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(£18.99, Heinemann)

David Vann’s stunning, cinematic new novel finds the UK-based American author leaving the great outdoors behind for an industrial cityscape of interiors, but Aquarium retains his signature darkness.

Like Goat Mountain, Aquarium has an adult narrator reflecting on a difficult time in their childhood. What does the adult voice enable you to do that a child narrator wouldn’t?

Using a retrospective narrator in Goat Mountain frees me to be able to say anything, not limited to the vocabulary or perceptions of an 11-year-old, and allows reflection, the making of meaning about the shape of a life. This is what I do also in Aquarium. The story is told from 20 years later, when Caitlin is 32. All of the scenes bring to life her experience at 12, but she’s also able to understand those experiences now and use adult language. I do love Kaye Gibbons’ Ellen Foster, in which she stays closer to the child’s perspective and language, but I prefer the freedom of style and thought that an adult perspective allows.

Why did you choose to write from a female perspective and was it a challenge?

More than half of my fiction is from a female perspective (Caribou Island, Aquarium, and two forthcoming novels), but I’m not aware of ever having made a choice to do that. I don’t pick what books I write or how I write them. I could first see scenes from Aquarium as I was finishing another novel about the Greek heroine Medea, so Caitlin was inevitably the protagonist from before I ever wrote a word. And it’s not a challenge to write from a woman’s perspective, because I grew up in a family of mostly women and don’t believe they’re different from men in most fundamental ways. It’s true that almost all violence comes from men, so that’s a huge difference, but grief and loss, guilt, joy, etc. are experienced much the same, I think. I don’t make any adjustments in writing from a female perspective.

What inspired you to make an aquarium so central to the story?

I loved fish when I was twelve. I had eight fishtanks scattered throughout the house. But fish were already mythic earlier in my childhood, growing up in Ketchikan, Alaska. The first king salmon I caught was taller than I was, and my grandfather caught a 250-pound halibut. That fish grew as it rose through the depths and became larger than my imagination by the time it reached the surface. I still think of it when I think of what writing is like, the surprises and transformations, all that’s unconscious or subconscious rising to the surface of the page and revealed. And that’s what fish are doing in the book. They’re the subconscious, shifting in form and suggesting aspects of human behaviour and self. As Caitlin and the old man talk about the fish, they’re really talking about themselves.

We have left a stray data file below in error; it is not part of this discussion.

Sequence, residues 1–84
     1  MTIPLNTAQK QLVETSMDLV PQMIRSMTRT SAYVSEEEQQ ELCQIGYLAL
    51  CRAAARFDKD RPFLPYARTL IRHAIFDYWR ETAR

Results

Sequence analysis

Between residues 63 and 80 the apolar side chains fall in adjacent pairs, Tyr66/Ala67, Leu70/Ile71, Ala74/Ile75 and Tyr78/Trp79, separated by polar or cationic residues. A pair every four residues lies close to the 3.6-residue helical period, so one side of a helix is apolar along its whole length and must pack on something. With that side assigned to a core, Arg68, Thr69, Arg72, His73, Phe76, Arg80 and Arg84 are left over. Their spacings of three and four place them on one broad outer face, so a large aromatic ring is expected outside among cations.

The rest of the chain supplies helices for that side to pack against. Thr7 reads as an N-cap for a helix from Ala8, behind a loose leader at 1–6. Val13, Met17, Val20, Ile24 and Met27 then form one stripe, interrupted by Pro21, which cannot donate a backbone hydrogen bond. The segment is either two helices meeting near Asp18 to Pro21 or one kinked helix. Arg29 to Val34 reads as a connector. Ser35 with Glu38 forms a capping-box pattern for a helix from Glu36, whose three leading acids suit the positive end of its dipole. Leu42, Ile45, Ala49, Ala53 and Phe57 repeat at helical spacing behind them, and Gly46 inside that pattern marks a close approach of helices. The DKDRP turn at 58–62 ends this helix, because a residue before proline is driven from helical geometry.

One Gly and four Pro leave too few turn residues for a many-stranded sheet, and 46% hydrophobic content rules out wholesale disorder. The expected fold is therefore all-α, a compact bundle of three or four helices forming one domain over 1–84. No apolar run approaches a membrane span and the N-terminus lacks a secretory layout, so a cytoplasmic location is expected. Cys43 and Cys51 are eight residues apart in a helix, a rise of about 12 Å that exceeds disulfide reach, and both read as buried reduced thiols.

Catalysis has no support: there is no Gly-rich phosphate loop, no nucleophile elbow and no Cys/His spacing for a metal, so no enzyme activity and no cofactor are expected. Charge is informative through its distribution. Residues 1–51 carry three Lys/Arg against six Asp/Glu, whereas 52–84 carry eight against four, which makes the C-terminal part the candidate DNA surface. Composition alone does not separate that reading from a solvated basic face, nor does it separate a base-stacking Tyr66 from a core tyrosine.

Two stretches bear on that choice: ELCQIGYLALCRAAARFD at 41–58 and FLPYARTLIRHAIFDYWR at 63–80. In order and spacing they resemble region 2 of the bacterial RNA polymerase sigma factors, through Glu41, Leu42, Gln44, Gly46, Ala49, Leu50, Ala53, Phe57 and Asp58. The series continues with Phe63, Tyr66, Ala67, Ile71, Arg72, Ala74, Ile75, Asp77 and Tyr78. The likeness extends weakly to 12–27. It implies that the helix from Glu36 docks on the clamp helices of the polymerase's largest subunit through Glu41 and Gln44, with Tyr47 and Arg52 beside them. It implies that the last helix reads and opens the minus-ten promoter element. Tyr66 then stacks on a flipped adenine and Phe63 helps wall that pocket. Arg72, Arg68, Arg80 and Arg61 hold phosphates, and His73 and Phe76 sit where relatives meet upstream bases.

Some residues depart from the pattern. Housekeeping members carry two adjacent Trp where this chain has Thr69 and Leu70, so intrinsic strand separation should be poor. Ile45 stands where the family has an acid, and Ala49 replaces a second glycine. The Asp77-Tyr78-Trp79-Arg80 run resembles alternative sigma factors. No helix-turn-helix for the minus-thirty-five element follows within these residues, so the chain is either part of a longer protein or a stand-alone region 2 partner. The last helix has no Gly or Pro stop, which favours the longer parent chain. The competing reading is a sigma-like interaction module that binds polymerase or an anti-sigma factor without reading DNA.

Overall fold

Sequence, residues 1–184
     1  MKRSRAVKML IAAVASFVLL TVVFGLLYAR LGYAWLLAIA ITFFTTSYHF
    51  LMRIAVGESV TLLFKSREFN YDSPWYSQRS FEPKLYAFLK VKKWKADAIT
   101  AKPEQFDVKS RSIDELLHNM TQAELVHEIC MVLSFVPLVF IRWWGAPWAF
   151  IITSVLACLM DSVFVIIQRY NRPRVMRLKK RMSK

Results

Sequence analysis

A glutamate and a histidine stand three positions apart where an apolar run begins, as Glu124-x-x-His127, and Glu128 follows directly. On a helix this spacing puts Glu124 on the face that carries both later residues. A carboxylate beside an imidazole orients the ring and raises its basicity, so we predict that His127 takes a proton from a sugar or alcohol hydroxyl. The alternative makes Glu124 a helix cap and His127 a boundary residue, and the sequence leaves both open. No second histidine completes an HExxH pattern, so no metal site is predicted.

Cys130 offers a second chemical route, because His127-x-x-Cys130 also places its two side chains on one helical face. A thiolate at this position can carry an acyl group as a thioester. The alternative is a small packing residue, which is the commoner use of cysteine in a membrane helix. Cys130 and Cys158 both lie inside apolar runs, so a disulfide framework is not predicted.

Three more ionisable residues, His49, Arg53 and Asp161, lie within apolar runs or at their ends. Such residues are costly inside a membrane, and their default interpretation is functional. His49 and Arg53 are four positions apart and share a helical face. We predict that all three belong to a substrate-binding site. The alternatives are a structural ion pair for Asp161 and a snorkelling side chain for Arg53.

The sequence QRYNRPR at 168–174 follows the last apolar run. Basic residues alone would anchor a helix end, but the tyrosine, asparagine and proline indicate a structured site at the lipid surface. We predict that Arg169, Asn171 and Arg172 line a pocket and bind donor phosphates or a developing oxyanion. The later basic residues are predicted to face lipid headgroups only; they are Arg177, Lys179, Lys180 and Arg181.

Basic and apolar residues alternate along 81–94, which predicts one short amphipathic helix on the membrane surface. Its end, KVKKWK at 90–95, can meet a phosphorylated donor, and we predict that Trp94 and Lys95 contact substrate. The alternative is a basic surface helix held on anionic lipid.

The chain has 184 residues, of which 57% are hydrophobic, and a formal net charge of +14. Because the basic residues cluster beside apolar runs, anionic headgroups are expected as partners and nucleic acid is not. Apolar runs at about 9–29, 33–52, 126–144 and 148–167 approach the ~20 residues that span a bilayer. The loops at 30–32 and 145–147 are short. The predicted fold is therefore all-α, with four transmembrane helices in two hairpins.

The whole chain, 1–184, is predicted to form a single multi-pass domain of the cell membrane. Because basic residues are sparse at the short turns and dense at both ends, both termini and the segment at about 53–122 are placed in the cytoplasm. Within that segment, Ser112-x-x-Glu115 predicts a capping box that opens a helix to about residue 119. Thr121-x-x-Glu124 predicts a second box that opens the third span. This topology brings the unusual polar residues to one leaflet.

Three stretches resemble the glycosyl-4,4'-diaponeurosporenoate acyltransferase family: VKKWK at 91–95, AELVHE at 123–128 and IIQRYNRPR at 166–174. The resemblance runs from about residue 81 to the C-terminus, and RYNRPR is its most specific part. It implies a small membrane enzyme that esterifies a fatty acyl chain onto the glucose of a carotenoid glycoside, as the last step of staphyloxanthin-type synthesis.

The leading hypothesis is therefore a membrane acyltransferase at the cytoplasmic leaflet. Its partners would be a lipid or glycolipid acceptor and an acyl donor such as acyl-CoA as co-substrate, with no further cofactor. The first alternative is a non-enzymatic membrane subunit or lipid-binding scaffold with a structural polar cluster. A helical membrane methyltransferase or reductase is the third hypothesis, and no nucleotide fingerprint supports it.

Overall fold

The book was inspired long ago by a visit to the Seattle Aquarium, when I read the descriptions of the fish at each tank and those descriptions seemed inspired, a kind of poetry of human behaviour told through the oddity of fish. The halibut, for instance, with both eyes on one side of its head and lying on the bottom of the ocean, how could that not begin to suggest?

Most of your work to date has been set in the great outdoors, why focus on interiors in this book?

In my novel, Seattle has become a seascape, really, with movie theatres submerged caves and airplanes overhead like deep-sea anglers, Seattle itself a giant starfish lying on the ocean floor. Caitlin sees all of Seattle as if underwater, so interiors have been transformed. But you’re right that this is my first novel set in an urban environment and using interiors, a challenge for me since my other novels are all based on description of landscape. The challenge is in whether I can make the spaces transform. In previous books I’ve been able to bend the natural world. In this book, I needed to bend an artificial world.

There’s a moment of jeopardy in the book – in the snow covered forest, when Caitlin is further away from home than she’d ever travelled – what is the significance of that?

There’s a fairy tale narrative in the book. Caitlin recognises that her mother was like Cinderella. She’s trying to reshape her mother’s life into a better story, but she finds out in the forest that the shaping is beyond our control and is always there waiting, ready to intrude at any moment.

What is the significance of the childhood love story?

I have no plan or outline when I write, so I was surprised about the love that develops between Caitlin and Shalini, but it makes sense for who Caitlin is. She’s generous and craves connection. She wants to be like the clown loaches in the fishtank, who sleep close together, stacked like logs. And she believes she can bring her family back together. But this relationship with Shalini will create a test in the end, the kind of moment of structure and pattern I never see coming but which always happens when I write fiction. My subconscious mind has far more structure than my conscious one.

Caitlin’s mother throws a lot at her that could, and perhaps should, drive her away. Why was it the lack of acceptance, rather than the physical or emotional abuse, that eventually broke her trust?

Caitlin can forgive the hard moments that are a kind of abuse, because she can see her mother acting out of pain and desperation. But it’s more difficult to forgive the moment in which her mother looks at her with disgust. I think anyone who feels seen, and is rejected in that moment of being seen, will have difficulty reforming trust. Trust is based on being convinced that we’re loved and accepted.

Antonia Charlesworth

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